“We’re no longer doing assembly work. We are good at things like production of semiconductors, and designing and utilizing them in various industries. Development of machines for the industries – that’s where we’re going,” said Dr Wong.

She also added that Malaysia’s exports of machinery, appliances, and parts experienced growth of 11.1 per cent in 2011. Devices such as diagnostic machines used in the medical industry, and optical vision products that detect errors in computer chips were examples of goods which generate higher revenue.

MATRADE is also planning to promote medical products for hospitals, such as medical devices, and other related medical goods, due to the increased interest of investors in that sector.

“We are looking at that as an area that spins off into other industries and generates high value in exports. Our orientation is actually towards export-led industries. We are looking at investments into these areas,” said Dr Wong.

“We hope to drive investments into a direction of value. For example, we talked about the electrical and electronics industry, and, as we are good in that, we want to look at investments in areas around the electronics production facilities that already have been developed in the country,” she added.

Besides the machinery sector, MATRADE is also expecting growth in the oil and gas services sector as well as in information and communication technology.

Products made for the oil and gas industry such as high pressure vessels, oil rigs, rendering services, and, for example, production and export of tugboats to the Middle East, are industry-related products of great interest for export promotion activities.

“Oil and gas is for us something that we are very much into. We are no longer looking at an industry very broadly, but rather at the verticals within this industry,” explained Dr Wong.

Worldwide offices

MATRADE is operating worldwide offices across the continents, including in the United Arab Emirates and Saudi Arabia. However, it has the plan to focus on the Asian market over the next five years.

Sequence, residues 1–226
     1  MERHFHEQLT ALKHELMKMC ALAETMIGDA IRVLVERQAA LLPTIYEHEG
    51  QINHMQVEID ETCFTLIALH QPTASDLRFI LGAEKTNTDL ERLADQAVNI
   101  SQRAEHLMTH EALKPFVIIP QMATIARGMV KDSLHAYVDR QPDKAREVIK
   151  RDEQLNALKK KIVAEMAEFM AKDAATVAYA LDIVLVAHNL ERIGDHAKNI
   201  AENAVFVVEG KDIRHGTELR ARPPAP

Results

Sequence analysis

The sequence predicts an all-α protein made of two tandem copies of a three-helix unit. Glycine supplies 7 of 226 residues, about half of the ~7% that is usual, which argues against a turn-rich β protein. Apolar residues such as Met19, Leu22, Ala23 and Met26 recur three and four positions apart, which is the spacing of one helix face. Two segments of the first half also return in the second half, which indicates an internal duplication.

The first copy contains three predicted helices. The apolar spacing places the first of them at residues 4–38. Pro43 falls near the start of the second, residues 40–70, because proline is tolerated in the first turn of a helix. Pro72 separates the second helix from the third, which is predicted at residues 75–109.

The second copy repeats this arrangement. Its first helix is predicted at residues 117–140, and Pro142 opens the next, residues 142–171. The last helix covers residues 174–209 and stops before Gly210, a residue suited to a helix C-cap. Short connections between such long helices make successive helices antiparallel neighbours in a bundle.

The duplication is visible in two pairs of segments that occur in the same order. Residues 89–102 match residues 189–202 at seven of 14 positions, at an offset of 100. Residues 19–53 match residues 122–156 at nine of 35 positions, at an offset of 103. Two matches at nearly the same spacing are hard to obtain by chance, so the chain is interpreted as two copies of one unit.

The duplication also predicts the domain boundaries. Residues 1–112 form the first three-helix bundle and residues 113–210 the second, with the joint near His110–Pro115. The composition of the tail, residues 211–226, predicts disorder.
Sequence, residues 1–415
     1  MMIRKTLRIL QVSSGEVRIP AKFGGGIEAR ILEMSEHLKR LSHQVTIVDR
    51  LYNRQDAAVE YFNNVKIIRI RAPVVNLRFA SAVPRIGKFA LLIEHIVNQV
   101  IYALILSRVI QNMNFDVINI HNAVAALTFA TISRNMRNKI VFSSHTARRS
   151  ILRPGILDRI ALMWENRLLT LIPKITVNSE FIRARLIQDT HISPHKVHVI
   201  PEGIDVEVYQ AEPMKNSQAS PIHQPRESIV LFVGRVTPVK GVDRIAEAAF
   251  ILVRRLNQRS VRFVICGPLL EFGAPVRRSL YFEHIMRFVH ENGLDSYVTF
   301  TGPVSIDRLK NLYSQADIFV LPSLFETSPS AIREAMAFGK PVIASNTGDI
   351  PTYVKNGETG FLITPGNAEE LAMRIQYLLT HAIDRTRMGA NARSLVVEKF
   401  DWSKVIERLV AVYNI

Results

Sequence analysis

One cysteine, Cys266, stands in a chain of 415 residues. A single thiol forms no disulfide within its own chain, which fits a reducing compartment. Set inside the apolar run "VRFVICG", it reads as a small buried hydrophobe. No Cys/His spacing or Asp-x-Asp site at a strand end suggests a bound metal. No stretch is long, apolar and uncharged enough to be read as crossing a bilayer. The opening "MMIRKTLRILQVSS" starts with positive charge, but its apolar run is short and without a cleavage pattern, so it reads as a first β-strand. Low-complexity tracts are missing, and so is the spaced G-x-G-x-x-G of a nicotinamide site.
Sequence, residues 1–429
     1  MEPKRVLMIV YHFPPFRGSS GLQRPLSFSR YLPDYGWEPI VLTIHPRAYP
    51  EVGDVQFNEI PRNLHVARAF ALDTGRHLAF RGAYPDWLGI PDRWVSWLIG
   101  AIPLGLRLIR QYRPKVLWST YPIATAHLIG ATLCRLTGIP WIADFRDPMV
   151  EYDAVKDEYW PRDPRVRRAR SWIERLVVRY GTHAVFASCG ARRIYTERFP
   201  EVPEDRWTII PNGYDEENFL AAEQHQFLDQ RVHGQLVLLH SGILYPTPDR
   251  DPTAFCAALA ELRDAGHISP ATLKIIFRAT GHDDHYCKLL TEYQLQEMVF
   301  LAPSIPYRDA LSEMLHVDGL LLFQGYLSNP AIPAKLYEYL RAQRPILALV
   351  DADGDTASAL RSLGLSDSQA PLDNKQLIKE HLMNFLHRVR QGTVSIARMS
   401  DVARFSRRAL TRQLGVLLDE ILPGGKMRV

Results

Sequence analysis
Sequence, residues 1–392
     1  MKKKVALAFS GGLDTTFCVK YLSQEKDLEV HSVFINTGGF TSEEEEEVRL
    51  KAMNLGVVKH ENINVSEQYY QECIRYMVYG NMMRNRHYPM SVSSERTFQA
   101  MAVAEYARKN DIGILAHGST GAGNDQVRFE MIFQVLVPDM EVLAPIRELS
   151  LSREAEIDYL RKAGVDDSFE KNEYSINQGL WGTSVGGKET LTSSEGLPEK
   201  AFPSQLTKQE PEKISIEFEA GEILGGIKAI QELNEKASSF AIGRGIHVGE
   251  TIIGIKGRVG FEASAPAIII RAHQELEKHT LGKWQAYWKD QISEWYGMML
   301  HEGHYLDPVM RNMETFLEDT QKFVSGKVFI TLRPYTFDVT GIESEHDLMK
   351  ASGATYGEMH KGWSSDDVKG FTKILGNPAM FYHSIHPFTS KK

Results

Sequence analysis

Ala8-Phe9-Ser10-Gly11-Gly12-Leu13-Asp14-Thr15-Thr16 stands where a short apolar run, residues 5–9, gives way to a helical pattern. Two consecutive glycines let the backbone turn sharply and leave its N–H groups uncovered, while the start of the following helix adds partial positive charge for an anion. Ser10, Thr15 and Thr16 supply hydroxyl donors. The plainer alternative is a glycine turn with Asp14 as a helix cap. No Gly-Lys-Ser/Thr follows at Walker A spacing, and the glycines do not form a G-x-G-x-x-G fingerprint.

But MATRADE is looking at ways to improve the accessibility to the GCC for local companies and investors. On the other hand, it supports foreign buyers from the region to tap the Malaysian market.

According to Dr Wong, Malaysia is a country with a lot of expertise, and capabilities are not limited. Instead, they were easily compatible to other countries, she said.

She said, “A US group from Boston benchmarked the expertise of our engineers here. They found that they are second to none and they were on par – which means the capabilities are here. Perhaps, is just the critical mass we need – the numbers.”

Why Malaysia?

One of the factors which make foreign investors continue to invest in Malaysia is the transparency within the government.

According to Dr Wong, the Malaysian government and state-run MATRADE are readily reachable by the public.

“I think we reach out now to engage with people,” Dr Wong said.

She also said that foreign investors and visitors are here because Malaysia is a safe country.

“The nicest thing I hear nowadays from investors and people who are visiting the country is that Malaysia is a safe country to be. I think that for the longest time I’ve never heard that about us and it sounds great. I hope that the government continues to go that direction and making Malaysia a preferred destination.”

She also said that easy communication is a factor which encourages foreigners to engage in businesses in Malaysia.

Outlook for 2012

According to Dr Wong, 2012 will be a challenging year for the export sector. She said she believed that it was time for Malaysians to move forward in an aggressive manner to overcome the challenges ahead.

“In short, it’s going to be challenging, but having said that I think that this is where the rubber hits the road. If your business partner is in some form of difficulty, you have to be ready to renegotiate terms and discuss things. We need to look at things in a long-term perspective as export is – like any other businesses – about relationships and sustaining these relationships,” said Dr Wong.